Carnival, Coroico Bolivia, 2007, taken by Julio Alvarez
While the majority of my work is in the academic field, I still consider myself an artist. I paint, draw, and take photographs when I have the time…which isn’t as often as I would like. I started taking pictures when I was twelve years old with my sister’s camera and it is the one art I have worked on consistently from a young age to now. I like being behind the camera, not in front of it.
I cringe when someone tells me to ‘Smile!’ and I try to shift myself into the background in group shots. My theoretical training in the visual arts and the years of being a photographer have taught me that posing for someone lets them define you. The photographer chooses the people to photograph, the moment, the context, and chooses how to crop the image, discerning what information is kept, and what is left out.
Judith Butler refers to this as ‘framing’ information, photographing subjects so that specific information is captured and everything else is cropped out. The top image looks like a romantic kiss between two people, surrounded by nature. The bottom image is almost comical with a group of people witnessing the kiss and cheering them on. Photography is used to provide evidence; it is used to prove vacations on sunny beaches, weddings, atrocities in third world countries, unlawful acts, and what exotic places are like. However, photography only provides a glimpse without context.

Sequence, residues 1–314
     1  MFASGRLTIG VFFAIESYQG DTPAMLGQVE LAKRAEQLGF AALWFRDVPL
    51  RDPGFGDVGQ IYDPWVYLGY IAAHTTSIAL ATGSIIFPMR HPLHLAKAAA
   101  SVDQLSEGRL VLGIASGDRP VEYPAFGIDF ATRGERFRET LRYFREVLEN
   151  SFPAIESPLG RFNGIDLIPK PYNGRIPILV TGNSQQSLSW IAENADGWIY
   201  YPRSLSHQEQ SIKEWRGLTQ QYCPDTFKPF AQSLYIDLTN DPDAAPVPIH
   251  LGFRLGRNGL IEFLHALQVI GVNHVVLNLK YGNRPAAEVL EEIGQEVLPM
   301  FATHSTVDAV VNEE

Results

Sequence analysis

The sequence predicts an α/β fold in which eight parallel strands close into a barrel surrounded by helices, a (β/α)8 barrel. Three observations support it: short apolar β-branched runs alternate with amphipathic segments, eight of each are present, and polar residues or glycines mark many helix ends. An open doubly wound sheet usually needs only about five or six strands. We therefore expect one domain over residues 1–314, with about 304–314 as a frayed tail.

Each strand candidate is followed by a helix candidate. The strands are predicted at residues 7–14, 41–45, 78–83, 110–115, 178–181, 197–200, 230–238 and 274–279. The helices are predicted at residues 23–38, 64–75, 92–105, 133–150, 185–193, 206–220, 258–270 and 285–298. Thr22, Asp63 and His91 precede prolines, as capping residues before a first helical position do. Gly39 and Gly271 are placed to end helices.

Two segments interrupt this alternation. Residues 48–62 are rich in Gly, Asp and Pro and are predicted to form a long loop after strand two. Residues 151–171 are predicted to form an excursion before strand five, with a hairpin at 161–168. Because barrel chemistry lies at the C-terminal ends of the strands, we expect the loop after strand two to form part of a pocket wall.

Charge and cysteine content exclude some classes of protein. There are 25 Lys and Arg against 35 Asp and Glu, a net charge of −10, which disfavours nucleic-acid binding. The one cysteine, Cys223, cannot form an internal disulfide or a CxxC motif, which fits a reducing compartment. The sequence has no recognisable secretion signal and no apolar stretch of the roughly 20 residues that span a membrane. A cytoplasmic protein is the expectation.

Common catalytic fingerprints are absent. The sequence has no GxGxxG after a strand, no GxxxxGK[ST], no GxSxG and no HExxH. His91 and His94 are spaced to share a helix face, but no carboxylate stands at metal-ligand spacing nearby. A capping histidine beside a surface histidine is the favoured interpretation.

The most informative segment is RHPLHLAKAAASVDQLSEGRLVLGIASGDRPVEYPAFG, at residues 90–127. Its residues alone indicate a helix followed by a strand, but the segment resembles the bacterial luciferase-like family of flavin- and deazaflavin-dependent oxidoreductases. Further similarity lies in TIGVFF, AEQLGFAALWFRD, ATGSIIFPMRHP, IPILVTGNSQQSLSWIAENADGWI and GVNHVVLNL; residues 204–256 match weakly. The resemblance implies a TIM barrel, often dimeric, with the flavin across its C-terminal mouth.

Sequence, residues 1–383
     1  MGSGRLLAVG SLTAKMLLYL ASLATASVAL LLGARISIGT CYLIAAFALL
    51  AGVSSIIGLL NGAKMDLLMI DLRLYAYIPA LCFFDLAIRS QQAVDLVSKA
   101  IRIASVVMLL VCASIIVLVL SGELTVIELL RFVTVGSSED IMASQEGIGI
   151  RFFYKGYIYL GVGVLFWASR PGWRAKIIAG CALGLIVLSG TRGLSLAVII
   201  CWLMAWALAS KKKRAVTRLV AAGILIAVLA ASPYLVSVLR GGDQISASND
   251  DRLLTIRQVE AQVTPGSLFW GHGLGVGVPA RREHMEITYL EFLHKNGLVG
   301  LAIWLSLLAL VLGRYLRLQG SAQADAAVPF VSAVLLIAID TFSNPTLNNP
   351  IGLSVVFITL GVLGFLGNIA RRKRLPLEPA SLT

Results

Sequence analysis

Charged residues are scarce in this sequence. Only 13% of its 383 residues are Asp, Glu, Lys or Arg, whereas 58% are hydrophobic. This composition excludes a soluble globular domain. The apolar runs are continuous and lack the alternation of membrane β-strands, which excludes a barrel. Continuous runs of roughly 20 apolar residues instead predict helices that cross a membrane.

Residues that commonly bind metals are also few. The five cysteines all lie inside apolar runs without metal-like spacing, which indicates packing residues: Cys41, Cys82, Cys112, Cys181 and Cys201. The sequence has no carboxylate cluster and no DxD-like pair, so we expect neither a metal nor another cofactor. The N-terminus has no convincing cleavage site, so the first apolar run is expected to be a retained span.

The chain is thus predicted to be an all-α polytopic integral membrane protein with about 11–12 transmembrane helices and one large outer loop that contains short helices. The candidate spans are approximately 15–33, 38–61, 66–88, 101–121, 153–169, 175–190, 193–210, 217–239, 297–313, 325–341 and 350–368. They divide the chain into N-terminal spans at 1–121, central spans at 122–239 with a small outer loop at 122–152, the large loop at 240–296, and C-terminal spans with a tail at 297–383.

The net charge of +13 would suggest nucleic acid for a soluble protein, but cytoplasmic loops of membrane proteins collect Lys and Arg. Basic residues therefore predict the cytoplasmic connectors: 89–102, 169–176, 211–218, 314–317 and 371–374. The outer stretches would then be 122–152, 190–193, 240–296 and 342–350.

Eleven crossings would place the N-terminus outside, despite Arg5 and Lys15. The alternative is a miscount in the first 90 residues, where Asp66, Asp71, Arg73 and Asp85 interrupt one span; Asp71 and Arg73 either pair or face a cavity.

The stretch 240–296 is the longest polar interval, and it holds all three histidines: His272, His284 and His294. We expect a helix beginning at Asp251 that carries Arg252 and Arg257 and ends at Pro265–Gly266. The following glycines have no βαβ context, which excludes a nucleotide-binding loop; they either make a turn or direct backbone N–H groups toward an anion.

Reading ‘Looking Pleasant, Feeling White: The Social Politics of the Photographic Smile’ Smile’ by Tanya Sheehan in the book Feeling Photography, had me think about how photography has defined people and culture over centuries, and how significant the ‘smile’ has been in how we perceive people. Looking through historical images at the beginning of photography (early to mid-nineteenth century), would give someone the impression that people had a serious demeanor.
The technical reason for this is because of how long someone would have to pose for the image to appear, and the difficulty of having to hold a smile for several seconds to several minutes. The aesthetic reason for the lack of smiling faces is because people wanted to be portrayed as respectable, dignified, and as part of an upstanding class of citizenry. The showing of teeth was considered to be demonstrating an excessive form of happiness (Sheehan, 129), portraying buffoonery, or a lesser state of mentality, morality or class.
While it was viewed as unseemly to portray respectable citizens smiling, photographers in the nineteenth century would portray African American people with toothy grins, impish looks, and performing uncivilized acts (such as eating with your hands). This created a distinction in visual representation that reinforced racial stereotypes, class systems, and otherness. Photographic representations of African American people highlighted the differences between them and Caucasians, it portrayed one group as being respectable and the other group as a joke.